APRIL 14 – the heyday for hilsa traders and mobile phone operators. It is definitely the wrong day to send important SMSs which get deleted amidst the flood of Shubho Nobo Borsho greetings.
This is when the price of the hilsa spikes, just as that of the cow/beef during the Qurbani Eid or when the BSF gets directives from its Federal Home Minister. Hilsa and panta bhaat have evolved from being traditional food to delicacies, given their price tags. In fact, here's a new pickup line: “There's my BMW and in Motijheel, my hilsa depot.”
And then, the assortment of bhortas. The enterprising can package them into small containers of Quality Street and sell on Oxford Street. After all, the local and Western food are separated just by the onion – take the onion out of the aloo bharta and you get the mashed potato. A similar exercise transforms the chapli kabab to the burger and the daal to the lentil soup. Perhaps that's why the tor (your) from torkari is stripped by the British to get kari, i.e., curry, or to be precise, their curry, aka, the British Curry.
The only other item left in the food chain is the inglorious chicken. Not to be out-stripped (accidental pun) for having no specific occasions for a price hike, the poor chicken takes the shotgun approach, covering the entire gamut of the English alphabet – starting with American Fried Chicken to Best, California, Dhaka, Fortuna, Golden, Hello, Kentucky (oh, and Kader Food Center too…), Mountain, National, Quality, Rambabu, Super, Tennessee and White-hen Fried Chicken (the last one inspired by Fair & Lovely…).
The more ambitious from the poultry clan also dares to venture into the bovine domain. Introducing the beef burger from KFC, renamed Kentucky Fried Cow. No wonder the cows are mad and Col. Sanders turns in his grave. What next? Fakruddin Ice Cream, Marlboro Nicotine Patch, Movenpick coffee? Oh wait, the last is already a reality.
This all leads to one conclusion – we are a Vast Food Nation. While others may have skeletons in their cupboards, we, as a nation, have cupboards in our skeletons. We eat to live, so that we can live to eat. It would have been more appropriate, if, instead of bones, we would have had intestines inside all our limbs. Remember the Eagles' song “When we're hungry, love will keep us alive”? Oh please!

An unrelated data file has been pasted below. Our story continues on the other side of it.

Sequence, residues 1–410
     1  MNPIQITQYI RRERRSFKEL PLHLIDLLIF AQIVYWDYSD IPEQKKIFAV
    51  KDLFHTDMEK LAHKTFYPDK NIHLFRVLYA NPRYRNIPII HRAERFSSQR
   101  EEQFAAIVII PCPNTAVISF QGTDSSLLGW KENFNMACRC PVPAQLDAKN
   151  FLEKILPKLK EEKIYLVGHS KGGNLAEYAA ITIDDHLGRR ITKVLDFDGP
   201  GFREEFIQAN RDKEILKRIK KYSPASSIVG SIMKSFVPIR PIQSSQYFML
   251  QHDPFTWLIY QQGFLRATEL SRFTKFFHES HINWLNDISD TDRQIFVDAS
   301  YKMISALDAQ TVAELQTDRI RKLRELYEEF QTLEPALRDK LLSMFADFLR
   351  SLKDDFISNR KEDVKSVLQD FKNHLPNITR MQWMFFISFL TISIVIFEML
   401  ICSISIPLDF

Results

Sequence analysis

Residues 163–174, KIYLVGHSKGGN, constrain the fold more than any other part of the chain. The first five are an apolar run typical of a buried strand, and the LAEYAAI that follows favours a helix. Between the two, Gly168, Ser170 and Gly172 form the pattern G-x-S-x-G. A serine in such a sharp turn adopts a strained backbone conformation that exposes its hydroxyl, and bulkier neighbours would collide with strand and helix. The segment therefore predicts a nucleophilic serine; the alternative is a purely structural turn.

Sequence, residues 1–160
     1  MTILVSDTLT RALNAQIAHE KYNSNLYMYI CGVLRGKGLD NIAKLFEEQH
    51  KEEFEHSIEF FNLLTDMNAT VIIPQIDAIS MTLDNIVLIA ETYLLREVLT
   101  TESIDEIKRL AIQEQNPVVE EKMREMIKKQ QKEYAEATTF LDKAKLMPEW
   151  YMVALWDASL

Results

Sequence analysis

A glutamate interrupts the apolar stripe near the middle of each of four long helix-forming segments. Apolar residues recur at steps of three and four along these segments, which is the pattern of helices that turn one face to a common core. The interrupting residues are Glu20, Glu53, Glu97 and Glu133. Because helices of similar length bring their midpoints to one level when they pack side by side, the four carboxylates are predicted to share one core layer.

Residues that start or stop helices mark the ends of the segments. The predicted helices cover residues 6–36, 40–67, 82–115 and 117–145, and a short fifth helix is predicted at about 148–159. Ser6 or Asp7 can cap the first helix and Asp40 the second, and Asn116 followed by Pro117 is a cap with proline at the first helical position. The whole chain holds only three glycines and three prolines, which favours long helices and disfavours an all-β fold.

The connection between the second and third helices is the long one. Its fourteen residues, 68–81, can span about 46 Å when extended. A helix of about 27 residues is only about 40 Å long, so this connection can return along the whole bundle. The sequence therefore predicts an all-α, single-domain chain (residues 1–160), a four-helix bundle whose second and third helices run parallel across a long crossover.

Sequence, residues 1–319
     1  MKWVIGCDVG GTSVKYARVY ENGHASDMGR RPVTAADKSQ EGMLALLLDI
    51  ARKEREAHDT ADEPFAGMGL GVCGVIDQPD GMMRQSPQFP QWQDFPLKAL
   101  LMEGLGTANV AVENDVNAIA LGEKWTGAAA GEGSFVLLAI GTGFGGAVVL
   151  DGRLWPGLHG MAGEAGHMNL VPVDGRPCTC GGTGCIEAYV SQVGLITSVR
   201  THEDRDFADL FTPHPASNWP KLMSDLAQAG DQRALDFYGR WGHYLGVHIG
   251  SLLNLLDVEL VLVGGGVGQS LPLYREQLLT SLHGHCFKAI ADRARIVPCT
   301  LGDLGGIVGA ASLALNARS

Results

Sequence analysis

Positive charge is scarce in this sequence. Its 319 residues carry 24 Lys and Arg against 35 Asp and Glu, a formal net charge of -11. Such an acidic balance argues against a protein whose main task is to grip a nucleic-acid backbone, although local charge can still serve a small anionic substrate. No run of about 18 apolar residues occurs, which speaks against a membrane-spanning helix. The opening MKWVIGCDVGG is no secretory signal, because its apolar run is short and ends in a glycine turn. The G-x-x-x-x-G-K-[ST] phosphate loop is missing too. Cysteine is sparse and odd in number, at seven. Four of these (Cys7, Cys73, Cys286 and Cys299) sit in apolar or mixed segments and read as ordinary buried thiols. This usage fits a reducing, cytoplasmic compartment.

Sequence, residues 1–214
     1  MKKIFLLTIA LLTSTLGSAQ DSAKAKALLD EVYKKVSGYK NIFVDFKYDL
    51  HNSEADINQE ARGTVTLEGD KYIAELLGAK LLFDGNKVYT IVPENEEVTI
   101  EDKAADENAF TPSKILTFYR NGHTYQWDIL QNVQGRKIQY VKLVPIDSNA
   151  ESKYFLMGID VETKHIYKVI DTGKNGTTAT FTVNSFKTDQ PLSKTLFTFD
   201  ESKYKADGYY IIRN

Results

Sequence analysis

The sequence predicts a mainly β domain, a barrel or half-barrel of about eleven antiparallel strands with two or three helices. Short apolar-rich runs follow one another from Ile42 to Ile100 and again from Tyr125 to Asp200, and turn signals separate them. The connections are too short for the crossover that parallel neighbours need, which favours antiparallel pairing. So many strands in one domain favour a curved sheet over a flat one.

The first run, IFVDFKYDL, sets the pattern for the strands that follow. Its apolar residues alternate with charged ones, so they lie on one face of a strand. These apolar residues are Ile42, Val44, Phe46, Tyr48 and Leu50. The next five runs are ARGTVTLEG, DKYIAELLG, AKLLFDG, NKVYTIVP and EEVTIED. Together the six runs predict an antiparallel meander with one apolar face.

And so, a night out in town is the choice of eating in every conceivable way – the gastronomical Kama Sutra, or should I say, Khana Sutra. The growth rate of eateries in Dhaka is matched only by that of rabbits, perhaps soon to be decelerated with government incentives of Taka 300 and a lungi. The private enterprise is already ahead in thinning out the herd – the sudden mushroom-like rise of the burger and dosa carts is soon followed by their overnight fall through perhaps class action lawsuits by chotpoti walas.
So, what is the rationale for all this obsession with food? Well, there are four illicit pleasures that the human likes to consume through the facial orifice – food beyond what is necessary, alcohol, smoke and dope. Since we, as a society, shun the last three vices on moral grounds, we have to compensate with the first one. It is far lesser of an evil to be a recreational grub user.
And so, we welcome the Bengali New Year by being unapologetic gluttons. Eat first, ask questions later – after all, there is always the inexpensive oral saline which you drink, trust, but never take with a pinch of salt while you prepare it with a pinch of salt. We can do a crash diet later on (which only leads to a diet crash). Even if that means us being the Last Food Nation.
Burp! Oops! Excuse me…
Ok, time for the Bollywood song and dance sequence: “It's the time to de-tox”…
The writer is an engineer & CEO turned comedian (by choice), the host of NTV's The Naveed Mahbub Show and the founder of Naveed's Comedy Club.